The new article series “MaaS Monitor” introduces the recent regulatory initiatives from different domains and explains their impacts to development of the Mobility as a Service market and services. The authors of the articles are experts from various MaaS Alliance member organisations. The views expressed in the articles are of authors.

Blog post by Elisa Falliti, Policy Adviser, Automotive Affairs, Leaseurope

MaaS is about integrating different kind of mobility services and enabling access via a single application, thereby creating a platform that helps users to optimise their journey using a variety of interconnected modes of transport.

In 2016 the European Commission’s public consultation on online platforms proposed a definition of online platform as “an undertaking operating in two (or multi)-sided markets, which uses the Internet to enable interactions between two or more distinct but independent groups of users so as to generate value for at least one of the groups”. Already at that time, the European Commission chose to categorise MaaS as a collaborative/sharing economy platform.

This blog post analyses the specific use-case of MaaS as an online platform,  particularly the related  opportunities as well as challenges. It also aims to assess the regulatory intervention by the EC so far as well as next steps, shedding some light on issues that may be relevant from a regulatory perspective.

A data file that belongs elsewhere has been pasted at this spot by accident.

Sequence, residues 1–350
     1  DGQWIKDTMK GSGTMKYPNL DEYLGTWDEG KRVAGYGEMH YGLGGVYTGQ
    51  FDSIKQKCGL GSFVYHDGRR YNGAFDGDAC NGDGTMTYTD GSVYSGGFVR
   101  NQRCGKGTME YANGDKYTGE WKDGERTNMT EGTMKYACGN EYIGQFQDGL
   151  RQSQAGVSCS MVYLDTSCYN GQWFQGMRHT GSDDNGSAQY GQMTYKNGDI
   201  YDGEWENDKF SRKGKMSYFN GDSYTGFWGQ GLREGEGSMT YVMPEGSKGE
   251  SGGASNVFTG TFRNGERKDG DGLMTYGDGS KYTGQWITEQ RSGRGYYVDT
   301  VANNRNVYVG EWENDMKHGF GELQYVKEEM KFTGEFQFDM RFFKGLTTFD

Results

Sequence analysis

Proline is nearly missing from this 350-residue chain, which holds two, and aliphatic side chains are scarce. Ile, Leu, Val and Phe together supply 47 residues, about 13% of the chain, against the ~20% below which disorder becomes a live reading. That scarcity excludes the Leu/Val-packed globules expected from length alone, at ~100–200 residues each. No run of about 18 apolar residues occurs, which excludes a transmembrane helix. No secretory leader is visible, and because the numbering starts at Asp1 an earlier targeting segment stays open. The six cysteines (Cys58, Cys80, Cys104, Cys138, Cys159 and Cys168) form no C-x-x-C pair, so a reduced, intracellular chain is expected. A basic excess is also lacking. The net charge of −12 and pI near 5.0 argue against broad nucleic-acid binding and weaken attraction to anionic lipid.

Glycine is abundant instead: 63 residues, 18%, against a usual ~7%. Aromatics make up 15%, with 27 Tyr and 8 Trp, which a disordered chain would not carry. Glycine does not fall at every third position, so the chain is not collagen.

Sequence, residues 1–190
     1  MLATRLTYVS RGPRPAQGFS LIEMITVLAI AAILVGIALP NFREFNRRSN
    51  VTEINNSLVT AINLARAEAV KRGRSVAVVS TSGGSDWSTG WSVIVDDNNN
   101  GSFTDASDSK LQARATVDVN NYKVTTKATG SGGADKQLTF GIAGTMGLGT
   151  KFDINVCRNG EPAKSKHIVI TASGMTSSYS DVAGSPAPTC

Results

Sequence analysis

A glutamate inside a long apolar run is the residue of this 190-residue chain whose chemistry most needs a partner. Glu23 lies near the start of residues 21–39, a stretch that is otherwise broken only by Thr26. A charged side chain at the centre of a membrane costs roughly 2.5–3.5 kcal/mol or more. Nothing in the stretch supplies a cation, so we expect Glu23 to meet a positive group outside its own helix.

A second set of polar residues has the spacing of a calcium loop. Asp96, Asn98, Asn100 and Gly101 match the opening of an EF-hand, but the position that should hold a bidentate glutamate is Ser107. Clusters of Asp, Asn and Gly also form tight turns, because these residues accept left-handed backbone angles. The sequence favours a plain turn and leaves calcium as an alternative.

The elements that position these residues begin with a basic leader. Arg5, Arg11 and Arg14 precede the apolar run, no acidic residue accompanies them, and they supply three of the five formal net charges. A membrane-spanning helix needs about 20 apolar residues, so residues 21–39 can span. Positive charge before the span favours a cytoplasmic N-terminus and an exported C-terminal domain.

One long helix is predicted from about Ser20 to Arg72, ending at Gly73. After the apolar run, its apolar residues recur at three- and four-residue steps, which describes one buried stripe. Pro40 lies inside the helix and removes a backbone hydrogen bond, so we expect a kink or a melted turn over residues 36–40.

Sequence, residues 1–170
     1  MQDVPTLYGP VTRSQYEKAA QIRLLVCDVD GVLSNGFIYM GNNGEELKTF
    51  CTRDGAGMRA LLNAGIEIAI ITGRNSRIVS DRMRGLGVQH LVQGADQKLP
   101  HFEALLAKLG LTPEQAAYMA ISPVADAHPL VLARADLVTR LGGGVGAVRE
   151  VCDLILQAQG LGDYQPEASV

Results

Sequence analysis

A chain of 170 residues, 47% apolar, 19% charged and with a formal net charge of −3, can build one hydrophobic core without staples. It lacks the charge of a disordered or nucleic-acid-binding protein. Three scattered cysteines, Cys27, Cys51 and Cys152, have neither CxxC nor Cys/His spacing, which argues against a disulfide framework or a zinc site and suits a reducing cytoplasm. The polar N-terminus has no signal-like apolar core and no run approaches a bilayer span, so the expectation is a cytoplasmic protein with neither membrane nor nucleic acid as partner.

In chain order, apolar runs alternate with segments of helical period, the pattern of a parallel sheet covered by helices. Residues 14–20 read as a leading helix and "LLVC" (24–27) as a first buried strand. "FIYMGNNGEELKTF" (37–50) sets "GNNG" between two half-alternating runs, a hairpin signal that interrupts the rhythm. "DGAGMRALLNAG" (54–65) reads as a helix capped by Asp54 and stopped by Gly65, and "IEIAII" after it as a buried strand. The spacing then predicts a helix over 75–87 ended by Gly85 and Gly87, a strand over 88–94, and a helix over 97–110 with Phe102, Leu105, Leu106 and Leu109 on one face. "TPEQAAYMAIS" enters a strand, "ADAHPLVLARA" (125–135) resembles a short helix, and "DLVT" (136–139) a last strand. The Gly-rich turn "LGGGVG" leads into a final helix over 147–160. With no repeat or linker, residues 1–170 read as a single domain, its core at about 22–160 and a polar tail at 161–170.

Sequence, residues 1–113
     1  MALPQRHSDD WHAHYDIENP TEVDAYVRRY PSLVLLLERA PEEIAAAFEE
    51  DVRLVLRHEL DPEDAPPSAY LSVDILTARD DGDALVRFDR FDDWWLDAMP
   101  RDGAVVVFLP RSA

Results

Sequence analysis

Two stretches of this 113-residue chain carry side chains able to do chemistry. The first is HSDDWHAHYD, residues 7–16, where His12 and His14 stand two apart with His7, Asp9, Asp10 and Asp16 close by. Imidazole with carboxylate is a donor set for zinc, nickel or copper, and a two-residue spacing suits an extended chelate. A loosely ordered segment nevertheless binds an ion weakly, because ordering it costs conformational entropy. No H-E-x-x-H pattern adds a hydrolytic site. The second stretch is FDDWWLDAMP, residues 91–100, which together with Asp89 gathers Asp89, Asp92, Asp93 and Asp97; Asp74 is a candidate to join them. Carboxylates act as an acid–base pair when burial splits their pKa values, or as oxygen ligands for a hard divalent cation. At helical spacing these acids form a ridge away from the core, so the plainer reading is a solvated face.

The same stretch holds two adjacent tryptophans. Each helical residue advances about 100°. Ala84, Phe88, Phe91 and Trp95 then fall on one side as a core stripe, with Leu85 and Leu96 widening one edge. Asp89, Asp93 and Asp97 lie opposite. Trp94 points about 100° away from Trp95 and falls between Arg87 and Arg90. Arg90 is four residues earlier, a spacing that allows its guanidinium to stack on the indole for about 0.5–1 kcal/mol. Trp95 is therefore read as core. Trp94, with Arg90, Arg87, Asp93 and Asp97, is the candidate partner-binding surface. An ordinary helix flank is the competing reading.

Opportunities and challenges

According to the European Commission, most EU citizens use online platforms. The online platforms have a potential to  improve consumer choice and convenience, improve efficiency and competitiveness of the industry, and enhance civil participation in society. In the context of digitalisation, online platforms are considered key drivers of innovation. On the other hand, the role of platforms can sometimes be complex since there are cases in which platforms act both as a marketplace as well as a service provider/retailer. This could potentially lead to a competitive imbalance and discrimination which would be reflected for example in a disparity in listings between the services offered by the platform itself and those offered by third parties.